This week, Transit Tuesday is a repost of an earlier post since I've been traveling over the holiday. Look for a new Transit Tuesday next week.
One thing that Washingtonians know is that it's often easier to take Metro. And for the most part, I think they're right. However, Metroing around has its limitations--especially after dark. The system is one of the first heavy rail systems in the United States to close every evening, and it is the first to start closing (unless you count CTA's Skokie Station).
Of course, WMATA is a chronically underfunded agency with many unmet needs. Still, it would seem on the surface to be essential for the subway to stay open late in Our Nation's Captial. While it is true that Washington has long held the distinction of being known as an early-to-bed, early-to-rise sort of town, they don't exactly roll up the sidewalks at 11:30. They do start rolling up the Metro, though. They start shutting it down at 11:24 every evening Sunday through Thursday.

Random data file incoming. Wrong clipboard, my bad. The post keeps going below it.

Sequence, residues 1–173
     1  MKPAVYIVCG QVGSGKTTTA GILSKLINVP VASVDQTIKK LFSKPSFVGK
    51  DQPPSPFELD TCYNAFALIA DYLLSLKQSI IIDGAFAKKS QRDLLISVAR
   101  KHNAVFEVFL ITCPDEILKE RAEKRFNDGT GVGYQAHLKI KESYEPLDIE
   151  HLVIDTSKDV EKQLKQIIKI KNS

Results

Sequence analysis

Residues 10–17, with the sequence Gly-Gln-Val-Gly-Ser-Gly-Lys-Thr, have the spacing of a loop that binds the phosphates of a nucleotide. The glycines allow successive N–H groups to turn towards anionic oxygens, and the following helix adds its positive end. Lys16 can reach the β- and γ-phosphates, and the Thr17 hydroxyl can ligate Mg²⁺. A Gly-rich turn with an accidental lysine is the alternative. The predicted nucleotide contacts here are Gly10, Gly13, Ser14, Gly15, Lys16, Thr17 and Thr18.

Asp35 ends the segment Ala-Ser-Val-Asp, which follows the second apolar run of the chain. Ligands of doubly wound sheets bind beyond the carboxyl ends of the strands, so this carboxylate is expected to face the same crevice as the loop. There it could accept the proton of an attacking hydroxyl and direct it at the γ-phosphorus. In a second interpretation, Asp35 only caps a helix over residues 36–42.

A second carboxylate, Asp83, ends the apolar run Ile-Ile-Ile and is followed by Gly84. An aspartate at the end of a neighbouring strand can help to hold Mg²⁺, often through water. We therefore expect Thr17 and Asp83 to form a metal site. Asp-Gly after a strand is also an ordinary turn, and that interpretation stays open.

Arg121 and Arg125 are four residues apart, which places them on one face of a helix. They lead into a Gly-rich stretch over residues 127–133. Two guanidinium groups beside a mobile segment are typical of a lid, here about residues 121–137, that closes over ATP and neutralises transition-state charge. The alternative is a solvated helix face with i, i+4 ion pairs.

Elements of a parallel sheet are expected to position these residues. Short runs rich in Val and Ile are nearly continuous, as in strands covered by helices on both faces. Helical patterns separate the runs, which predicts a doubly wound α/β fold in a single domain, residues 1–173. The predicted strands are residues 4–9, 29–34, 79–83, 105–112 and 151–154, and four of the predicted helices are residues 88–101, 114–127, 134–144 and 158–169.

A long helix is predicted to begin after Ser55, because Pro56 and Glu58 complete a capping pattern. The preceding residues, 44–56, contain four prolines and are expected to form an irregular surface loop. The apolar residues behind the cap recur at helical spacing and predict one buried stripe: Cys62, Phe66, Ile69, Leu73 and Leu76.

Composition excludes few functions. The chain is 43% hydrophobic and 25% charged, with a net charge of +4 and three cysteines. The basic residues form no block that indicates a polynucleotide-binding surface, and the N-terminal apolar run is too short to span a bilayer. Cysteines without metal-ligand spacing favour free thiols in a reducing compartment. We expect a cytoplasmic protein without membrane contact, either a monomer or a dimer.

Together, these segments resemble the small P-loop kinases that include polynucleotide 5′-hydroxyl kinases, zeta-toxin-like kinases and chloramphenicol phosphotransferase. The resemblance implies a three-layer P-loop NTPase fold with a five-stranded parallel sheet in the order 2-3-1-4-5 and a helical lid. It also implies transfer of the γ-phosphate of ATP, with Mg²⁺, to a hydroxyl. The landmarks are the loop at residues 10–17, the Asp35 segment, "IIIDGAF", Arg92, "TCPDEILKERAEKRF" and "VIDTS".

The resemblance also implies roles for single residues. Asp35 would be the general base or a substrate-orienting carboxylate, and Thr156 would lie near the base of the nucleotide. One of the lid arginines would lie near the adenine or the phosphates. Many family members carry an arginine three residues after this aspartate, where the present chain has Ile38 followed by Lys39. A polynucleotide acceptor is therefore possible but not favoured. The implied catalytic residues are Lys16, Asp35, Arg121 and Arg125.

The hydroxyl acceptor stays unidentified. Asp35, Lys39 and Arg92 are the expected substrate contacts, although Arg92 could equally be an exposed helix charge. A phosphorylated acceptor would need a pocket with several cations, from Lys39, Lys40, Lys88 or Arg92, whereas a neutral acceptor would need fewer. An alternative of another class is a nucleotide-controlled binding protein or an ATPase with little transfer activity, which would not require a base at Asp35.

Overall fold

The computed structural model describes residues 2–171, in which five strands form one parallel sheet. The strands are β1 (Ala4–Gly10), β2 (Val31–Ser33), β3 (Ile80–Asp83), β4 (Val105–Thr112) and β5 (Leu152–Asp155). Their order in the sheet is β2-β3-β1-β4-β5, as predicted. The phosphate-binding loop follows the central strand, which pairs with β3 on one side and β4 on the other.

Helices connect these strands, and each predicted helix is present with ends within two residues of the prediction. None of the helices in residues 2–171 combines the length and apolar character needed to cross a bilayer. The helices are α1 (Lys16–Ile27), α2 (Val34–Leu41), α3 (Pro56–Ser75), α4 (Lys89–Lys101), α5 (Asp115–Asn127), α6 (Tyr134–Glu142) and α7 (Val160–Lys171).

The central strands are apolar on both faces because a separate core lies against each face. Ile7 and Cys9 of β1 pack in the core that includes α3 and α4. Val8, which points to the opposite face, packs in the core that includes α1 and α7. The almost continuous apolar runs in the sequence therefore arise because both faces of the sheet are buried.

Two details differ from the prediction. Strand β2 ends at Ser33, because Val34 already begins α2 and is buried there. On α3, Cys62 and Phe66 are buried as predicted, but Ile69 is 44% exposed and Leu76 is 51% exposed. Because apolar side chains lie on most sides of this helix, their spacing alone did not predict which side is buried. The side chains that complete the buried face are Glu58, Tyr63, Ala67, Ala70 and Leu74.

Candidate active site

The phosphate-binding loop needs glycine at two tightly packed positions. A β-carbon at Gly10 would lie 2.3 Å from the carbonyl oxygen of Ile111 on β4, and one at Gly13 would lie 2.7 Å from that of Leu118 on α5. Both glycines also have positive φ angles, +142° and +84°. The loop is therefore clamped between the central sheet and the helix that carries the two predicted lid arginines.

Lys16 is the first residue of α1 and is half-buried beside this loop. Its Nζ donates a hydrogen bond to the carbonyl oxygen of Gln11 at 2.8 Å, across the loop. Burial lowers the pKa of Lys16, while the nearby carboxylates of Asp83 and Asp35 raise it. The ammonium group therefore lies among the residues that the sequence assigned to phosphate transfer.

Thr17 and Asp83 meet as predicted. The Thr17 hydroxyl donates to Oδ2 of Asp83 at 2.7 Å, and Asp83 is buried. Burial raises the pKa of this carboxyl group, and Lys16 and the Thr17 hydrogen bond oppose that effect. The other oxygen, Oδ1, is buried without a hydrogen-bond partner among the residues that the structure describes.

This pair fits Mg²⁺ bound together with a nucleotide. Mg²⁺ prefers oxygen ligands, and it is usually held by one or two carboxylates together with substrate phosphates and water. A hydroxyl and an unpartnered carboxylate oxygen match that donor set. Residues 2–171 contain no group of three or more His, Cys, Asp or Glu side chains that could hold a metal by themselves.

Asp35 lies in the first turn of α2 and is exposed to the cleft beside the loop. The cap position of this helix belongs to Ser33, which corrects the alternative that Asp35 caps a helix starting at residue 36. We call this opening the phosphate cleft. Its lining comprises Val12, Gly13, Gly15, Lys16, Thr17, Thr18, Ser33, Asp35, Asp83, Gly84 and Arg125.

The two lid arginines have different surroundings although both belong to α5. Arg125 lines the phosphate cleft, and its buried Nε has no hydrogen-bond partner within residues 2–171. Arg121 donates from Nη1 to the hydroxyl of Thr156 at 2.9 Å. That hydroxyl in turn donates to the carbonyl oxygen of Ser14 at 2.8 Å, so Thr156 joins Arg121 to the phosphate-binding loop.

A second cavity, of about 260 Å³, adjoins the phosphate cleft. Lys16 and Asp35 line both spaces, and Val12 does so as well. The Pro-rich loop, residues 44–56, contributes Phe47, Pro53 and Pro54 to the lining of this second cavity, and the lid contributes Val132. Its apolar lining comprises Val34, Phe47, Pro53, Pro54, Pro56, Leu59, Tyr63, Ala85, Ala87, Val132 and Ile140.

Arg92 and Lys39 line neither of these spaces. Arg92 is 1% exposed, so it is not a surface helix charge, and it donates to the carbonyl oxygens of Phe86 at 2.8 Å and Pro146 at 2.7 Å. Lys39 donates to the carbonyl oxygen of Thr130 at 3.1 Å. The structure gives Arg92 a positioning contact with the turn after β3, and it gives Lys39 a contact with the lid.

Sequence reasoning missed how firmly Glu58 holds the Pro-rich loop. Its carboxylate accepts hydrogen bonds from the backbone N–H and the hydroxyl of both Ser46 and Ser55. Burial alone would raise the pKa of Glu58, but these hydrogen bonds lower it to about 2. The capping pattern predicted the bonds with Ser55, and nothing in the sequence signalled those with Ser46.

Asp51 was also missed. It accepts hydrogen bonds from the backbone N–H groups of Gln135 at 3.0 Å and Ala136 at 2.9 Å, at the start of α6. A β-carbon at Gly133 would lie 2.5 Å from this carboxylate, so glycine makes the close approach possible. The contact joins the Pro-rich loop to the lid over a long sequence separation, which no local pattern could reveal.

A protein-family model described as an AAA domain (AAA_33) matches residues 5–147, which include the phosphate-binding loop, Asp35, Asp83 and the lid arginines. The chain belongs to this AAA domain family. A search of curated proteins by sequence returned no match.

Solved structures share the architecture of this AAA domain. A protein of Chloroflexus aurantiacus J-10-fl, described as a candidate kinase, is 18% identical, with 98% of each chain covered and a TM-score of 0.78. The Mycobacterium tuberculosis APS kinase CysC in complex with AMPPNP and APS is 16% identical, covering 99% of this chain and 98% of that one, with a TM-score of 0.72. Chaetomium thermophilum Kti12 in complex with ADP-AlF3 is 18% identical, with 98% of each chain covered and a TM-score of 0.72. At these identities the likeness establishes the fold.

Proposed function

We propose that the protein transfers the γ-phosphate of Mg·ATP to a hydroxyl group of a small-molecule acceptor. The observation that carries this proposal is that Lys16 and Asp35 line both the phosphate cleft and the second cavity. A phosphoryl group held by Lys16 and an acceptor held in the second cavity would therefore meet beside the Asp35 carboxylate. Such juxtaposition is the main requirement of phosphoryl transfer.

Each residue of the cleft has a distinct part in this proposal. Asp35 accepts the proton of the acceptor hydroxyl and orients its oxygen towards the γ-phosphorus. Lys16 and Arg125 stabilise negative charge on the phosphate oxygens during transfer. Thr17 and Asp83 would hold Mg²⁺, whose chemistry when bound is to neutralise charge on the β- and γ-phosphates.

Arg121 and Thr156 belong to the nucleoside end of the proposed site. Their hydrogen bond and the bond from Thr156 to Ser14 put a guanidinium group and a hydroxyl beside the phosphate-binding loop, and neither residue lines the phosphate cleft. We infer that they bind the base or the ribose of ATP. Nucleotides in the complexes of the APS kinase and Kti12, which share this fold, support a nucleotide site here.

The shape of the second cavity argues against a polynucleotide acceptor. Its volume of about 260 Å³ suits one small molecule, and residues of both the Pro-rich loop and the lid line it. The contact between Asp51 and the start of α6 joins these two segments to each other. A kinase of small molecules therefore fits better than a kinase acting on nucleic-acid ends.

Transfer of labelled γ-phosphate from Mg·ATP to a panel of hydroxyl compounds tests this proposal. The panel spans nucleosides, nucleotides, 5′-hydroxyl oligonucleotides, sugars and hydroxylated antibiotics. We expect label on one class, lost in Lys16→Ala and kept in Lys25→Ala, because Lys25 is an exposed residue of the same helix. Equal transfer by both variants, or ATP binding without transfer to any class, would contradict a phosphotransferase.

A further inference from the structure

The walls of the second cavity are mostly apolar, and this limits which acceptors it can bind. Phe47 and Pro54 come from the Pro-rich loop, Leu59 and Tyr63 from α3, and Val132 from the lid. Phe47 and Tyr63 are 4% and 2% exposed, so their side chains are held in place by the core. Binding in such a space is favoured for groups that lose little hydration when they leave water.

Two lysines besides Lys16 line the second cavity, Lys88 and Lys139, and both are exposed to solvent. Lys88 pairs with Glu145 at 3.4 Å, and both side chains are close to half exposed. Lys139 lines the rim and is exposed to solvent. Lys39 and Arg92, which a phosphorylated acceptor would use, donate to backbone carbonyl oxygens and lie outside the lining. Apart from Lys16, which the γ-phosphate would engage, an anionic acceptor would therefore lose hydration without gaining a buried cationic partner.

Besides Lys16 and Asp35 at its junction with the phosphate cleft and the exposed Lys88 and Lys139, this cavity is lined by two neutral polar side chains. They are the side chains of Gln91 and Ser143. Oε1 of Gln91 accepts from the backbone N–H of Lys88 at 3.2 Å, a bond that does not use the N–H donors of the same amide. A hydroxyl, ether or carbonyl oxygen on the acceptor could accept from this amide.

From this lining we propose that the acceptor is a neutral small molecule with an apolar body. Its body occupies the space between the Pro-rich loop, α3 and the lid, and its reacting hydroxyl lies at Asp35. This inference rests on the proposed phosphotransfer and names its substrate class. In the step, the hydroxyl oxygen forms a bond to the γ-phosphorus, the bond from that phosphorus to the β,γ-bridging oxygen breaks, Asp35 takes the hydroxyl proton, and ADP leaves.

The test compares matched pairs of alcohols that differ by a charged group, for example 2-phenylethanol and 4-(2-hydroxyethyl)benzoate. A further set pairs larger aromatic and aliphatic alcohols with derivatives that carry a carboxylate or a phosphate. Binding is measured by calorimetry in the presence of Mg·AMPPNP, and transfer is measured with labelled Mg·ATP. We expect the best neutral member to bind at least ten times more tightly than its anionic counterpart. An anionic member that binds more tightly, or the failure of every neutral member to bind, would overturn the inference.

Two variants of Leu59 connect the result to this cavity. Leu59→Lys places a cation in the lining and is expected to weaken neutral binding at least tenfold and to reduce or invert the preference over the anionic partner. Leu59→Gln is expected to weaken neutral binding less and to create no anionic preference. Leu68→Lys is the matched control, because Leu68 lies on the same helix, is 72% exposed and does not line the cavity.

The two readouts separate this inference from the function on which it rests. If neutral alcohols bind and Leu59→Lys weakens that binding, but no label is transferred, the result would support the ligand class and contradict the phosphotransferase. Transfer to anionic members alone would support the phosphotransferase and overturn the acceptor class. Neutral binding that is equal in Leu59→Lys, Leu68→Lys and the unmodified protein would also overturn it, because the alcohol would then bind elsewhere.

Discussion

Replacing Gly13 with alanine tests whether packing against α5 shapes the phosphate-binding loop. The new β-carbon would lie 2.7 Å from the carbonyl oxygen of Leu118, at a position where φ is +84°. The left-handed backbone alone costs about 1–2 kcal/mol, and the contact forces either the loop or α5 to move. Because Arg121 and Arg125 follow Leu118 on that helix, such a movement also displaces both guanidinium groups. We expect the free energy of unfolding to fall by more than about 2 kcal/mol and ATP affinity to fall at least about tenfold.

And while the party-goers and clubbers have the benefit of an extra 3 hours of service on Fridays and Saturdays, this strategy leaves out the idea of equity. After all, it's not just clubbers who are out after midnight. All of those service workers have to get home somehow, and many of them don't get off until late. Besides, do we really want to be known as the city that has the first subway to retire each night? Even Baltimore's Metro starts to close later than WMATA.
Let's have a look at the data. I created this bar chart to illustrate the service periods of America's 13 heavy rail systems. They are shown (from top to bottom) in ascending order of first last train. So, for instance, Washington has the first last train of all the systems, when the train bound for Greenbelt leaves Branch Avenue for the last time each weekday at 11:24. The three bottom-most systems don't close at all (although service patterns are different late at night) and Chicago keeps its Red and Blue Lines open all night.
Most people agree that it would be better if Metro stayed open later--at least to a certain point. There seems to be little incentive or need to have trains running at 3 in the morning, but 12:30 doesn't strike me as unreasonable. Of course, Fridays and Saturdays tend to see demand for those really late night trains and when WMATA suggested cancelling them last year, there was a good deal of outcry.